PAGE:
It is okay again to excel
Forget about John and Jane Mediocre, the brilliant and the bright are flavour-of-the-month again in Dutch education.
The city of The Hague has earmarked 10 million euros for projects aimed at highly gifted children at primary schools. Schools in secondary education are trying hard to lure the extremely talented, while a growing number of Dutch universities have officially labelled the quality of their teaching as 'excellent'.
At the Isendoorn College in the town of Warnsveld, Esther Mestebeld teaches class on migration patters in the United States. Just like her students, she speaks exclusively in English. "Who knows what LEDC means?", she asks the ninth-graders, fully confident they will know the answer: "Less Economically Developed Countries." This is a geography class, not an English class.
The Isendoorn College is one of around 100 Dutch secondary schools which offer bilingual education. This means that all classes - from geography to math - are taught both in Dutch and in a second language, usually English.
"I love London" 14-year-old Esra replies, when asked why she is taking bi-lingual education. Maybe she will go to university there. Her classmate Rico is already dreaming of studying law in the United Kingdom. He feels privileged to study in two languages, which is exactly what the Isendoorn College is aiming for: providing talented children with an opportunity to excel.
Teacher Esther Mestebeld says excellence is no longer a dirty word in class:
"To a certain extent it's Dutch culture. Don't stand out; don't pretend to be anything special. Excellence is often equated with bragging. Previously, highly talented children went to grammar school. That was a safe environment, where excellence was fairly common."
These days, the highly gifted and the ultra-smart are also made to feel welcome at schools offering bi-lingual education, of which the Netherlands has a respectable 15,000.
Money for the highly gifted
Change is also beginning to find its way into primary education. For years, parents of highly talented children have been asking for extra challenges for their offspring. Nora Steenbergen, a specialist in the field, expects now that - for the first time - money has been earmarked for highly talented children, many primary schools will take action.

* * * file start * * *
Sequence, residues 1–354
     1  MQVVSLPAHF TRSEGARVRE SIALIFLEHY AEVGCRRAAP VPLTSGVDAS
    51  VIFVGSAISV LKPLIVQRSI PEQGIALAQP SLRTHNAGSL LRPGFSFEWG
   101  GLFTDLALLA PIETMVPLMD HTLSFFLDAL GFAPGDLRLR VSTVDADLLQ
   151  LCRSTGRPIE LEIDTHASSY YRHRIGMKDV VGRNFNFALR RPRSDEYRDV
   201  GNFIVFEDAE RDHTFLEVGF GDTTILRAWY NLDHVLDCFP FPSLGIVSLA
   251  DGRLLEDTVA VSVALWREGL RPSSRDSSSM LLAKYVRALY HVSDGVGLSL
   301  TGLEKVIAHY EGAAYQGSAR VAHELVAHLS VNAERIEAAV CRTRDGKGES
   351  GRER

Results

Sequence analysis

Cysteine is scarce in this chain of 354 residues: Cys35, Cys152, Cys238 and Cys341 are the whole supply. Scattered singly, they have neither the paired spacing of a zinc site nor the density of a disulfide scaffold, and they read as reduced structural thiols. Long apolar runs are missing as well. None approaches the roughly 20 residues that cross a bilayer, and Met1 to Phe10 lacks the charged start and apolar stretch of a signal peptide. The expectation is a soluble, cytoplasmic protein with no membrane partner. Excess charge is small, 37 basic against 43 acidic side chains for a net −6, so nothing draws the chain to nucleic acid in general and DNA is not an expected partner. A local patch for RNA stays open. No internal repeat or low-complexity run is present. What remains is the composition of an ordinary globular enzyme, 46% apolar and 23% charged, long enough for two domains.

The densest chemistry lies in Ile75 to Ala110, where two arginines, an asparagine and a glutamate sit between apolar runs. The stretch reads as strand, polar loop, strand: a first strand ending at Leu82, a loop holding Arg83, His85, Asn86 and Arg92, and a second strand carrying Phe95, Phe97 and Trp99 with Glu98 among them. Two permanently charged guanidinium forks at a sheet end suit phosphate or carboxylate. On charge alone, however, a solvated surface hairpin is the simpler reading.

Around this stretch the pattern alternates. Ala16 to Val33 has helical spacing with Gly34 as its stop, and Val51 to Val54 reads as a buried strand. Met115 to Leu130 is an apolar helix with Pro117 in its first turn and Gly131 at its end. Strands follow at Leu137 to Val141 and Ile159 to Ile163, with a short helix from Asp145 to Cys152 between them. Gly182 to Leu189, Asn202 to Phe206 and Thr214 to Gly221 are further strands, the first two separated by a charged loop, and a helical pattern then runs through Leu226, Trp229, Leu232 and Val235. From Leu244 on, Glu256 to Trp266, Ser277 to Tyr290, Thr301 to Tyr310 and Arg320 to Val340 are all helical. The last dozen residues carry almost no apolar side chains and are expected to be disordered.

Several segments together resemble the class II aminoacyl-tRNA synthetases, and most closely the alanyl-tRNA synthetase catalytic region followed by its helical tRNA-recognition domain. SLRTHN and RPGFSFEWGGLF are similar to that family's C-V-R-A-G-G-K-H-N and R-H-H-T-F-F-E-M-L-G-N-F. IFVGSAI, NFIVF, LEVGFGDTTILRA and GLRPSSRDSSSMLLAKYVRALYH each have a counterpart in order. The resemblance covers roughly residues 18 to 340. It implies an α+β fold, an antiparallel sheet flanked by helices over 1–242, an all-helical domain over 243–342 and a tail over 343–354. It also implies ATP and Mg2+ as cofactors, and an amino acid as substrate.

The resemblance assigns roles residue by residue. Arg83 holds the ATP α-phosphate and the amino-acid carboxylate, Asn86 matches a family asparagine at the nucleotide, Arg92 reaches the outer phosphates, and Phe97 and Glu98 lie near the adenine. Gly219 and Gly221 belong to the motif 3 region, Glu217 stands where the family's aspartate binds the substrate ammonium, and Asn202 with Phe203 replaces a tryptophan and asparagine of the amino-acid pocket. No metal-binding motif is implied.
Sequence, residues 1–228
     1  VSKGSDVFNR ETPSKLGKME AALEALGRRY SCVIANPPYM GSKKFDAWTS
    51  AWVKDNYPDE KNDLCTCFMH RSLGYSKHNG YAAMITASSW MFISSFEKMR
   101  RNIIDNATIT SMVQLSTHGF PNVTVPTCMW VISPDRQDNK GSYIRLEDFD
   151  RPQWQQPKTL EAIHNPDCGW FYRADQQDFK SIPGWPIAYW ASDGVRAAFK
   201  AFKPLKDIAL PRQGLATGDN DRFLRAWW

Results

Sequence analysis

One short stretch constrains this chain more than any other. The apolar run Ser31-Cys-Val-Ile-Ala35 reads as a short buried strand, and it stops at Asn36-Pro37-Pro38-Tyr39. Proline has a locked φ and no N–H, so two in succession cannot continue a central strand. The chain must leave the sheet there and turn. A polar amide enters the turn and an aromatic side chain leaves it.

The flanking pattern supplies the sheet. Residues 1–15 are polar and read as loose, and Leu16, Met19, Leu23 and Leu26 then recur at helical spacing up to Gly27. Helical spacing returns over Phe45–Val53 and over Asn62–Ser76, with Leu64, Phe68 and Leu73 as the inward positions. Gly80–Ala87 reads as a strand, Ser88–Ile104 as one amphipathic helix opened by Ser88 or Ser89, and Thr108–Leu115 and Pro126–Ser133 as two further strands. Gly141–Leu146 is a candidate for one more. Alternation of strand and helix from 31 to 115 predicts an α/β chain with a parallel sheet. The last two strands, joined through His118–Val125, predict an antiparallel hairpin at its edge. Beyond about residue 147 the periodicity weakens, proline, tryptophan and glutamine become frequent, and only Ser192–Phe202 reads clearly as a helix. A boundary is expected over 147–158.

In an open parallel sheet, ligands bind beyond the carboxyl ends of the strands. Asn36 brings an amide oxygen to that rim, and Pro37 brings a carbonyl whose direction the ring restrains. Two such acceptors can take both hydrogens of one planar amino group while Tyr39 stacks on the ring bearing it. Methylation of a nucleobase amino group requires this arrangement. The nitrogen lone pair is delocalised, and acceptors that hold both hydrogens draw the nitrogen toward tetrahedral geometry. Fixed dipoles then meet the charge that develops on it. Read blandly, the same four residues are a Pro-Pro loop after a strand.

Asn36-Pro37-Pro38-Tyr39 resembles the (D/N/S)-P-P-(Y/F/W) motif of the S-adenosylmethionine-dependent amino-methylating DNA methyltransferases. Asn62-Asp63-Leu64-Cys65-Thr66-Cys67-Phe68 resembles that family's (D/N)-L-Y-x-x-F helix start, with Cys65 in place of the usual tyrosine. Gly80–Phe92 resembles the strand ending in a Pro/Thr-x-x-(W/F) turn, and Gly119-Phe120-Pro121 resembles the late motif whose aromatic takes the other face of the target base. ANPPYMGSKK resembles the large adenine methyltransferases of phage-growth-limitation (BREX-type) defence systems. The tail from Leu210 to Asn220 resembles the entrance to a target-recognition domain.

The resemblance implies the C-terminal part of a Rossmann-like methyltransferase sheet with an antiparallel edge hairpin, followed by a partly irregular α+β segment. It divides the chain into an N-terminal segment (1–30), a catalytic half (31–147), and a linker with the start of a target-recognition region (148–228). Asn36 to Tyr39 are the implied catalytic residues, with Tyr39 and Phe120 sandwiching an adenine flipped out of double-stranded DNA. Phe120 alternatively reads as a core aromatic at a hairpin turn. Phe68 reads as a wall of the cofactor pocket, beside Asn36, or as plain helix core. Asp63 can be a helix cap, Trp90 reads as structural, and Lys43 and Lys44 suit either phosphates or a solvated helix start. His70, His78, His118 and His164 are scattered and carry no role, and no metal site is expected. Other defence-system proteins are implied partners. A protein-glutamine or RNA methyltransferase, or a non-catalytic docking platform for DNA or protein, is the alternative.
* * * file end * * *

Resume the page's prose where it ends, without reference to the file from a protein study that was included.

She argues that in the past 30 years, Dutch education focussed primarily on creating equal opportunities for all. As a result of major emphasis on giving less talented children a boost, there was little attention left for the highly gifted.
"There is a widespread notion that these children will make it anyhow, but that remains to be seen. We know from practical experience that many of these children don't. Highly gifted children often lose interest if they are not stimulated enough."
Society as a whole will benefit if more opportunities are provided to talented children. Nora Steenbergen expects the Netherlands will acquire more top talent, "which would really please our knowledge economy."
However, Alfred Kleinknecht, innovation economy professor at the Technical University in the town of Delft argues that top talent does not play a lead role in the knowledge economy.
"Top talent can be useful if you want to force a fundamental breakthrough in a certain field, like nano technology, or Google, 20 years ago. But the type of innovation that has real importance for our prosperity is not the breakthrough that occurs once every so many decades, but the steady flow of minor improvements that is usually worked on by quite mediocre people."
However, Professor Kleinknecht is running against the tide. Prime Minister Jan Peter Balkenende has taken position against the "culture of Cs" and keeps emphasising the need for a stronger knowledge economy. Apparently his wish has already resulted in more room for young overachievers.